Come Away (2020)
Directed by: Brenda Chapman
Written by: Marissa Kate Goodhill
Starring: David Oyelowo, Anna Chancellor, Clarke Peters, Gugu Mbatha-Raw, Michael Caine, David Gyasi, Derek Jacobi, and Angelina Jolie
I’ve reviewed my fair share of good films, and my fair share of bad films. The films that are most difficult for me to review, however, are the ones which do not stir any sort of passionate feelings from me whatsoever. These are films that merely occupy space on one’s streaming queue, probably sandwiched between more interesting works.
Come Away is one such film. It’s directed competently by Brenda Chapman (Brave) and features fair performances from its child actors as well as from more noted performers such as David Oyelowo and Angelina Jolie. It also earns progressive plaudits for using largely actors of color for its main cast. Its greatest asset, though, is in its visuals. The sets are beautiful to look at, and are helped in no small part by its luscious cinematography.
Which is why it’s unfortunate the film is so dull and dreary to watch. This dreariness comes from its tonal mess of a story, which purports to be a retelling of Peter Pan and Alice in Wonderland as childhood siblings. A fanciful enough premise, but the film insists on telling this tale in the grimmest way possible. For theirs is a story that involves the death of a sibling, gambling addiction, debts, and alcoholism, all material too heady for what is to be a children’s fantasy film. No fairytale is complete without at least a hint of darkness, but here the darkness envelops the overall story, and leaves a bitter taste in one’s mouth afterward.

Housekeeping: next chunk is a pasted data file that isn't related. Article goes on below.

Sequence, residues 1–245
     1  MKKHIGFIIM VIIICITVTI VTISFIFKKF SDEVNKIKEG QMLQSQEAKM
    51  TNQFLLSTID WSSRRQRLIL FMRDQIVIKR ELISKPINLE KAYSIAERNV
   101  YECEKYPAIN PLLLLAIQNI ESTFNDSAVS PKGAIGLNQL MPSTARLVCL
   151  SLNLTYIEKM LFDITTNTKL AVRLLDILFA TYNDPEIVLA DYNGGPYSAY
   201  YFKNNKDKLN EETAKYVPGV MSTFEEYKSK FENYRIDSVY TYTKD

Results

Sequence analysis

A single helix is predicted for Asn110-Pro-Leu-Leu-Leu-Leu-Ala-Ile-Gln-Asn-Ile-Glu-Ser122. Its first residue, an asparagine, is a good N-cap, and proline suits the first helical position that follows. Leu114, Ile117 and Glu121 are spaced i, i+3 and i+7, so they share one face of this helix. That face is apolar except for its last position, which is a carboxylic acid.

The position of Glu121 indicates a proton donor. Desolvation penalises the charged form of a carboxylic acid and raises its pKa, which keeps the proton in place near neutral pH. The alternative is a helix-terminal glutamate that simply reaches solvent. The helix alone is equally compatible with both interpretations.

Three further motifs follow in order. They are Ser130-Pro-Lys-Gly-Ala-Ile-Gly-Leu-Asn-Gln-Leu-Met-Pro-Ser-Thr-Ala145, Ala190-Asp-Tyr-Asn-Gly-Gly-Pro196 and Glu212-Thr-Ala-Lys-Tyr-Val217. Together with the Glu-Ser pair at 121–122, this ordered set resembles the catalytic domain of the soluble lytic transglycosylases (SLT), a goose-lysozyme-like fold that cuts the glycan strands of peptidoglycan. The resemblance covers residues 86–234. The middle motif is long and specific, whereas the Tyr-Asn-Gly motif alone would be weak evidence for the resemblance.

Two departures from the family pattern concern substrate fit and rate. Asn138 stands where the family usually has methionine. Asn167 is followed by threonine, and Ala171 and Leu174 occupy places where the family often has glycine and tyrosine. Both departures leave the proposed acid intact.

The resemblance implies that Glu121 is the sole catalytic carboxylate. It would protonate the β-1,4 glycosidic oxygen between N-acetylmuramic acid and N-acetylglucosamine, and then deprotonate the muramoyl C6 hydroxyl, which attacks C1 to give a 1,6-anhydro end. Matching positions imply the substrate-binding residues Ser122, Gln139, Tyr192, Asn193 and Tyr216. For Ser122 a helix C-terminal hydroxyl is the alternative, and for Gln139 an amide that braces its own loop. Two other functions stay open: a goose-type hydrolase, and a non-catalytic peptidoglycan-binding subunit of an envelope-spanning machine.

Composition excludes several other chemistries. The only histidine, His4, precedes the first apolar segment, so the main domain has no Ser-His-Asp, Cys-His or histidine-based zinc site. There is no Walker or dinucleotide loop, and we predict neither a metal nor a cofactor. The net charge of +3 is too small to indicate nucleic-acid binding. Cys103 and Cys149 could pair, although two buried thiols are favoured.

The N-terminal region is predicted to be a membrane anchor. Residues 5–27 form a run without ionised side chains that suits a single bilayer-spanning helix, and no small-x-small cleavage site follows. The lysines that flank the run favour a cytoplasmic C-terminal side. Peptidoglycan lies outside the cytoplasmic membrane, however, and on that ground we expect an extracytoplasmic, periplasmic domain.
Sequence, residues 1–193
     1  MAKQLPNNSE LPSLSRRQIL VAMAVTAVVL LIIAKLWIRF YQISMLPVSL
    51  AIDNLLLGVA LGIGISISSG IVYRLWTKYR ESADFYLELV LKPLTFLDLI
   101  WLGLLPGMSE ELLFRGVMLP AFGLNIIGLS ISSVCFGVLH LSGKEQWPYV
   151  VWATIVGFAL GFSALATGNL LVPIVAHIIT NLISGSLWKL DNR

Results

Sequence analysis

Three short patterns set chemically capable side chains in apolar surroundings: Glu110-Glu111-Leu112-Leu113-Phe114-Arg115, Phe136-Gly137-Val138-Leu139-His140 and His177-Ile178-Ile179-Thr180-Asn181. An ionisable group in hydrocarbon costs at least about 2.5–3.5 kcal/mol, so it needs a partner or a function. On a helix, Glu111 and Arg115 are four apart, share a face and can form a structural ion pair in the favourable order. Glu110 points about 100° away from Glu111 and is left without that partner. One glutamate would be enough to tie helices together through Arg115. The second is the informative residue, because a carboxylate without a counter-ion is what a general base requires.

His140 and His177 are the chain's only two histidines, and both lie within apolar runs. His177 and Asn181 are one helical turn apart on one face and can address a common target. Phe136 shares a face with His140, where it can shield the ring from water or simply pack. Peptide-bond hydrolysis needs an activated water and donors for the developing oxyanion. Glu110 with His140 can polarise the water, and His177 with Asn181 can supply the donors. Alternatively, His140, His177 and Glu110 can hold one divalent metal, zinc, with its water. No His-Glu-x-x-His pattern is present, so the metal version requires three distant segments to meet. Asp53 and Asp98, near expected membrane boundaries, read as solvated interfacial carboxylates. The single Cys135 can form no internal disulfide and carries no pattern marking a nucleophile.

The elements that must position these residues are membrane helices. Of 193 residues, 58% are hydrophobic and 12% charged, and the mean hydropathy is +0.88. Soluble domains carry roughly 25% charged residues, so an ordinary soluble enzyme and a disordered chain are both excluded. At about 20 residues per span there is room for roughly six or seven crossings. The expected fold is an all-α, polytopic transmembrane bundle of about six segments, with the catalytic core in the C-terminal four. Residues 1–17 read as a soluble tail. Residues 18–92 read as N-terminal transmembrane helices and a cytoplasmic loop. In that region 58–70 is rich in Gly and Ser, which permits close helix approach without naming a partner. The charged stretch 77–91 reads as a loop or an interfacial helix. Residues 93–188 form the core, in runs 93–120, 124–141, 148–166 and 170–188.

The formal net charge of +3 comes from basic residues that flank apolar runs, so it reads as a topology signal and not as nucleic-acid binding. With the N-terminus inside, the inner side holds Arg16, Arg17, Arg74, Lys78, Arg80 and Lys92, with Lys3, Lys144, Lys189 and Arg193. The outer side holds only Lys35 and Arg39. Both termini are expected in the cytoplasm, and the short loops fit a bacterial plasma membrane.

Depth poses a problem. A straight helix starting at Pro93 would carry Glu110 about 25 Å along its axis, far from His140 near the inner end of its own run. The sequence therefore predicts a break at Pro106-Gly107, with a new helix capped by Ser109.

As a story for adults, the film doesn’t fare much better. The premise, that we develop stories to help us cope with a dark world around us, is a sound one. But its depiction of its fantasy world is too half-baked to give its premise any thematic potency. There are some interesting visuals, yes, like seeing play fighting with sticks that transform into swords, but otherwise, the fantasy worlds are too plain to be fanciful. We are obviously meant to feel a sense of childhood nostalgia in these imagination sequences, but all I could feel was that both Peter and Alice’s imaginations were severely lacking.
Perhaps a longer incubation period could have made Come Away a more moving or thoughtful film. As it stands, the film we’re left with is too dark for children, and too befuddling for adults, making it a film with no real audience at all.